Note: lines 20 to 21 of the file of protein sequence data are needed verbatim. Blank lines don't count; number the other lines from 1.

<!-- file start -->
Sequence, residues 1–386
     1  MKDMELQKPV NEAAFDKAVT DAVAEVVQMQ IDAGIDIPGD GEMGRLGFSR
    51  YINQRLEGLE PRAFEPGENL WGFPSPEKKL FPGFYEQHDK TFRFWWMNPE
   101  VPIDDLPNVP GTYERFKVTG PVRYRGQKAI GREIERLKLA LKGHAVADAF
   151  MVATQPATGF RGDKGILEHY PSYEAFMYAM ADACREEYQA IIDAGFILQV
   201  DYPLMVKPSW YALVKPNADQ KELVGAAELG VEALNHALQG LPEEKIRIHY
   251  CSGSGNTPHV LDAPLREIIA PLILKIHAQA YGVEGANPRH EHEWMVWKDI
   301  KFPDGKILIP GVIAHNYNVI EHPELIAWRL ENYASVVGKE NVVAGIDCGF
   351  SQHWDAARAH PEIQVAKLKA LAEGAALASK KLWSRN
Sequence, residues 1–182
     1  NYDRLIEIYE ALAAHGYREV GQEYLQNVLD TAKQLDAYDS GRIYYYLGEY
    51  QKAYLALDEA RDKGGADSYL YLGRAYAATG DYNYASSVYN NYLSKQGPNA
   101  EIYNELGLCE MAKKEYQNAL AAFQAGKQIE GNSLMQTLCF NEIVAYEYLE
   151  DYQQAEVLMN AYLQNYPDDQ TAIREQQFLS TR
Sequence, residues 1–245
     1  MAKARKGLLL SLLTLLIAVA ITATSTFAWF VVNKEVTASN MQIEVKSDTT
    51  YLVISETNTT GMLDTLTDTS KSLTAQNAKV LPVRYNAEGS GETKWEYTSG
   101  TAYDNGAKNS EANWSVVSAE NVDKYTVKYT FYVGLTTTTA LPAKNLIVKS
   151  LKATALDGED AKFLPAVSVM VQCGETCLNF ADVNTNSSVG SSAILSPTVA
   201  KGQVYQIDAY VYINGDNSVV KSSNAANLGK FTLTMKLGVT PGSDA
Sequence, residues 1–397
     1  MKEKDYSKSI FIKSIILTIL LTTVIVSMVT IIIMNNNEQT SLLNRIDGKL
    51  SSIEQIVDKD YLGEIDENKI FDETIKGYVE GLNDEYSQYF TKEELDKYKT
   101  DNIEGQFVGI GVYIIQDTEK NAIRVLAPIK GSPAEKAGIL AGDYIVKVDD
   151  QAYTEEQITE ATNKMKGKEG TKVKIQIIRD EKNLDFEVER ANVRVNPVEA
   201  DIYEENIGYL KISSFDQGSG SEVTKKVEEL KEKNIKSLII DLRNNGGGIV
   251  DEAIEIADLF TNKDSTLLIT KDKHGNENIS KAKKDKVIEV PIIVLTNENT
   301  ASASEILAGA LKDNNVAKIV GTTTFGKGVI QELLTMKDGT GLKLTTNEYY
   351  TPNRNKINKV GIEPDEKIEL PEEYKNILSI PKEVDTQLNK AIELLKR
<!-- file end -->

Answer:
   201  KGQVYQIDAY VYINGDNSVV KSSNAANLGK FTLTMKLGVT PGSDA
Sequence, residues 1–397